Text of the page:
Facebook Begins Testing Sponsored Marketplace Listings

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Facebook is Testing Boosted Marketplace Listings

It was only a matter of time.

Facebook, the world’s largest social networking platform — by a lot — launched a Craigslist-like classifieds service in 2016. Shortly after letting users sell used bikes and old couches, Facebook introduced the ability for companies to post jobs on the platform, which now tout 800 million monthly users, and continues to update the service.

Anyone watching this space knew Facebook monetizing Marketplace was a foregone conclusion. Exactly when was the only question, but it looks like that time is coming quickly. So get those budgets ready.

Reported by The Verge, Facebook is currently testing sponsored listings within Marketplace. Most notably, listings on Marketplace that get boosted will show up in the News Feed, which means even those who never go to Marketplace will see ads. According to the story, this is a small, U.S.-based test with no immediate plans for a wide rollout. Advertisers will be able to set a budget and timeframe, and ads will be pulled immediately once an item is sold.

“There isn’t a set price for an ad,” wrote Verge reporter Ashley Carman. “Instead, all submitted ads are entered into Facebook’s ad auction where they will be considered alongside other ads trying to target the same people in the same area.

“The auction doesn’t reward the highest bidder with an ad but attempts to instead figure out what ad delivers the highest value to both the user trying to advertise and the ad viewer.”

There is currently no example or commentary on boosting job postings specifically, but it’s probably a foregone conclusion. Businesses, however, are being targeted to promote listings en masse.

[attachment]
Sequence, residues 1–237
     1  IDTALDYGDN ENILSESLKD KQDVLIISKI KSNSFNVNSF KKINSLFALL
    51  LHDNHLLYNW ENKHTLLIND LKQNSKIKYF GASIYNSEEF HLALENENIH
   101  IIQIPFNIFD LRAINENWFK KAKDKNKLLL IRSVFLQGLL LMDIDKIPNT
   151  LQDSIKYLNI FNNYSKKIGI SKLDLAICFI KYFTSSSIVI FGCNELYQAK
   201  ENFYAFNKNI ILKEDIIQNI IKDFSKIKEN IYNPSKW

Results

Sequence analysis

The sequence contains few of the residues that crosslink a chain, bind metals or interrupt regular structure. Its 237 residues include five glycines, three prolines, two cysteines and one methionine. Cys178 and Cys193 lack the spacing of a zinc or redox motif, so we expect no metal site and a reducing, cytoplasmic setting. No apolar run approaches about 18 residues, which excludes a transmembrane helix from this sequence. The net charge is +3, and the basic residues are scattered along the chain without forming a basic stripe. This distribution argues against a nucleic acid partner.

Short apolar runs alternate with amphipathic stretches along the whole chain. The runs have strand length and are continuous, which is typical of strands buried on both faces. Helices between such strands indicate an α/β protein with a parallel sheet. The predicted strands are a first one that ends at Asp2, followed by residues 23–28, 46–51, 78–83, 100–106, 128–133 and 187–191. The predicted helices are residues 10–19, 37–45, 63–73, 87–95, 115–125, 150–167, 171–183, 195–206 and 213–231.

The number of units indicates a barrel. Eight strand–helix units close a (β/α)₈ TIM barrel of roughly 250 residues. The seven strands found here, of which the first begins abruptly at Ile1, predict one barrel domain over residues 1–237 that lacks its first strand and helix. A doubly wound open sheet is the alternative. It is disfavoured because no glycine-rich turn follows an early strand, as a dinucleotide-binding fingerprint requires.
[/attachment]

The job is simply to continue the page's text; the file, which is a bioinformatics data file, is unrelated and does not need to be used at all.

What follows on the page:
Companies, for example, can extend their existing News Feed, video, Instagram, Messenger, and other ad campaigns to Marketplace. Also, more types of objective-based campaigns will reportedly open to the classifieds section soon, which could include job postings.

Facebook told TechCrunch that ads will be auto-optimized for engagement, so once users start to click ads, Facebook will gradually start showing them to users of similar demographics, as well as targeted locations. Sponsored ads get published alongside traditional ads in Facebook’s platform. Facebook will display what it thinks will be the most attractive ads.

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Remember that Facebook partnered with companies like ZipRecruiter, Jobscore, and Recruitology to get more job postings on its platform a year ago. These kinds of relationships make launching an advertising program on a broad scale much easier. Hoping small businesses understand and use boosted job postings is tough, but getting ZipRecruiter to write a big check and have all its listings become sponsored is much easier.

It’s safe to say sponsored job postings will be coming to a News Feed near you sooner rather than later.

 

Joel Cheesman has over 20 years experience in the online recruitment space. He worked for both international and local job boards in the late ‘90s and early ‘00s. In 2005, Cheesman founded HRSEO, a search engine marketing company for HR, as well as launching an award-winning industry blog called Cheezhead. He has been featured in Fast Company and US News and World Report. He sold his company in 2009 to Jobing.com. He was employed by EmployeeScreenIQ, a background check company. He is the founder of Ratedly, an app that monitors anonymous employee reviews. He is married and the father of three children. He lives in Indianapolis.

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